parish for their enrollment figures and work from these numbers. If
      your public schools have declining enrollment, then you know
      families with children are in decline and your parish will see that
      also. If that is not the case then you had better find your
      faithless flock because they are there.
      >
      > How to use the school demographics? In Houston, students are
      zoned to their elementary school. There are transfers but generally
      the numbers are stable. The transfers balance. You will need some
      help finding what the religious make up of the public school
      students are (schools keep ethnic, economic, learning figures but
      not religious). Usually there are statistics on the population make
      up of your county/city/town. Here in Houston, we know that 70% of
      the Hispanic children are Catholic, 20% of the non-Hispanic white
      are Catholic, and then the African American and Asian (these hold
      about 10% of our Catholics) make up the remainder. With these
      statistics, I find the base numbers of Catholic children who we
      should be serving (not necessarily who should be coming to us) but
      who we should be going out to serve who "live in" our parish but are
      more than likely not registered with us or any other parish.
      >
      > In my current parish we were serving 10% of the Catholic children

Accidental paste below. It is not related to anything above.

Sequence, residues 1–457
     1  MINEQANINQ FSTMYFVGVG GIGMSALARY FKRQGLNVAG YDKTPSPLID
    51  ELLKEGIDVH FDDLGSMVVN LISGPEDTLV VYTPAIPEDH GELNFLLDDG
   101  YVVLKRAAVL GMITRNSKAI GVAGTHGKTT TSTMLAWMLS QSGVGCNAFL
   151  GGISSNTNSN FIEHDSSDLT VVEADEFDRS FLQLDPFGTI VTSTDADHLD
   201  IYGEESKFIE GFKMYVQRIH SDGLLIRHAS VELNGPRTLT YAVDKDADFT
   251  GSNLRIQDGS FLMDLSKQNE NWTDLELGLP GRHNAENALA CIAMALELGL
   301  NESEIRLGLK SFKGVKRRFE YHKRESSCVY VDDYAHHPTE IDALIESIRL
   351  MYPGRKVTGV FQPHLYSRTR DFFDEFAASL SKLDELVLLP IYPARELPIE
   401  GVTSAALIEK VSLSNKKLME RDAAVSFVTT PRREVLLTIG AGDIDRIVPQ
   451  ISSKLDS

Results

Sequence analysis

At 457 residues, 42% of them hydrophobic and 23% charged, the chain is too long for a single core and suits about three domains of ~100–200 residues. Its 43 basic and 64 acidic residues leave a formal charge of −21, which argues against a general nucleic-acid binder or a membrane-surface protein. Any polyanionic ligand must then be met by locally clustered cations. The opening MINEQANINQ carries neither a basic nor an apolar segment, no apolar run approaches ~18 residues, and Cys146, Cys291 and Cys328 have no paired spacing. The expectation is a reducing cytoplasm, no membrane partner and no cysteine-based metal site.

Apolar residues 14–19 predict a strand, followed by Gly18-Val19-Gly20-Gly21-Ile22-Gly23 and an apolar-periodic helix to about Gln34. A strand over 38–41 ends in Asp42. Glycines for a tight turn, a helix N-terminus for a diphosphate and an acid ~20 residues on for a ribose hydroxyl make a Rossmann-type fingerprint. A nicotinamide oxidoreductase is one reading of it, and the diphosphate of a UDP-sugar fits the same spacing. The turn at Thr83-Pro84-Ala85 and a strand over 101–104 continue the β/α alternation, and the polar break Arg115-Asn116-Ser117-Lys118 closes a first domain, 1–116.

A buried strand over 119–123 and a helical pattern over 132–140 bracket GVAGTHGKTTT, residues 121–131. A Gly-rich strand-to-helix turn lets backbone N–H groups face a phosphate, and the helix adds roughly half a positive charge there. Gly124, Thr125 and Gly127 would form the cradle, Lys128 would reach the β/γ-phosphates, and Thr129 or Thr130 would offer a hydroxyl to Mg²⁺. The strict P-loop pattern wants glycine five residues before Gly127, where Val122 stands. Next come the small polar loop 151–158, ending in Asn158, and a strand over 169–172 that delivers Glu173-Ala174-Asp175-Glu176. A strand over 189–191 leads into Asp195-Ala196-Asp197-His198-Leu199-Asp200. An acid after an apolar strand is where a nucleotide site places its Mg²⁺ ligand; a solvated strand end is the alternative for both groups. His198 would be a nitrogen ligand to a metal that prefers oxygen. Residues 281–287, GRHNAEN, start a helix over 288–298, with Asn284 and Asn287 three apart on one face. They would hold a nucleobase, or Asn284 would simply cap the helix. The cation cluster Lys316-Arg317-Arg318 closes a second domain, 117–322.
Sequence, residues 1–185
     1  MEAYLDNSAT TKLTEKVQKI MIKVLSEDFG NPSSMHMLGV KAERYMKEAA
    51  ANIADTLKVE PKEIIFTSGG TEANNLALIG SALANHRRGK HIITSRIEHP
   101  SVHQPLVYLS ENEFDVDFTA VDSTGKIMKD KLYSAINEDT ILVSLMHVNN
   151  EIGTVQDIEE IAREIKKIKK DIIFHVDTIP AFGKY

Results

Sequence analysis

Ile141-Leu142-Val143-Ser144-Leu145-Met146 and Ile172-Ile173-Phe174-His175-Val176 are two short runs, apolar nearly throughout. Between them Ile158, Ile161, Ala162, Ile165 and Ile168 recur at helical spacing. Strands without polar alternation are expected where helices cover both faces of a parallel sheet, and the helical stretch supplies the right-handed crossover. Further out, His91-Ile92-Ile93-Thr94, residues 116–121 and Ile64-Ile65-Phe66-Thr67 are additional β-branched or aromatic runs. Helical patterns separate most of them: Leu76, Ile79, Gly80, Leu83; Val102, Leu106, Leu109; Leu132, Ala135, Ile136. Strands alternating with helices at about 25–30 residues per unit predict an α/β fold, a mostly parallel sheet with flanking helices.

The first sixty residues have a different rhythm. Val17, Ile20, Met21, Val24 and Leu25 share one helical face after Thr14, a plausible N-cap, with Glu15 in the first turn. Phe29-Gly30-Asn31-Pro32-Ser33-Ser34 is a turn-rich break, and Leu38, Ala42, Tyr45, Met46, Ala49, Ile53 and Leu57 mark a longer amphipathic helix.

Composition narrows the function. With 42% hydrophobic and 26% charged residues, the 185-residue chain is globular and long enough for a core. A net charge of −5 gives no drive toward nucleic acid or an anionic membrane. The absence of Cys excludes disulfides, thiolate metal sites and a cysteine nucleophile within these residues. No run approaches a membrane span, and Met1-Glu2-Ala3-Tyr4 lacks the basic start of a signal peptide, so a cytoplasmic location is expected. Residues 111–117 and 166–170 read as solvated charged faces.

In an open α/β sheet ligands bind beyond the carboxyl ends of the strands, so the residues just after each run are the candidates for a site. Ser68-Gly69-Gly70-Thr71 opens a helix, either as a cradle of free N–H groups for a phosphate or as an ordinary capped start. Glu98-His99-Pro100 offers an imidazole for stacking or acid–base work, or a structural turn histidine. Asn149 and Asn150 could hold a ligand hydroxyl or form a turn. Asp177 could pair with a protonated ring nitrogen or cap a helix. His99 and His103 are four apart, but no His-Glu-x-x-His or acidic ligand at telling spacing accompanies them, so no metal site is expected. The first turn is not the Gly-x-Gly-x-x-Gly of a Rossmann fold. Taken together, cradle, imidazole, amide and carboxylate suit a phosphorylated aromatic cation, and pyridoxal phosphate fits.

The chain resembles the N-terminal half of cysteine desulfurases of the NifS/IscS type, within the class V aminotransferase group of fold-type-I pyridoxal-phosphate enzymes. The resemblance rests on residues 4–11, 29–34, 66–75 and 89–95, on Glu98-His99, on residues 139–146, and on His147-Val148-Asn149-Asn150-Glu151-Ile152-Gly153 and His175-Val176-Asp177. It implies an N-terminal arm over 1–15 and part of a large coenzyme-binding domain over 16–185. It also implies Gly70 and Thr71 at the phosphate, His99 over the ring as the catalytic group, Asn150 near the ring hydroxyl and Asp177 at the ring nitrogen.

living in our parish with catechesis when I arrived. They simply
      were not coming to the parish for formation - was it the parents,
      the program, the kids interest, time factor? Part of it was a lack
      of contact with the families where they were. We had an expectation
      of their coming to us. When we switched catechesis to that of going
      out to them, we tripled enrollment in two years. We now offer
      catechesis at eight different times - three times at the church
      campus and six times after school on the public school campus. Since
      99% percent of the parish children are in the public schools, it
      made sense to serve them where the parents already had gathered
      them. Nationally only about 12% of the Catholic students are in
      Catholic Schools. The state forces parents to register the children
      in school. Why not take that help and serve them where they are?
      Parents want the best for their children. If we provide this, then
      the parents will respond.
      >
      > Now the challenge is to build the outreach to the other 70% we
      haven't reached. Next year means adding programs at two more
      secondary schools. We especially need to find our confirmation age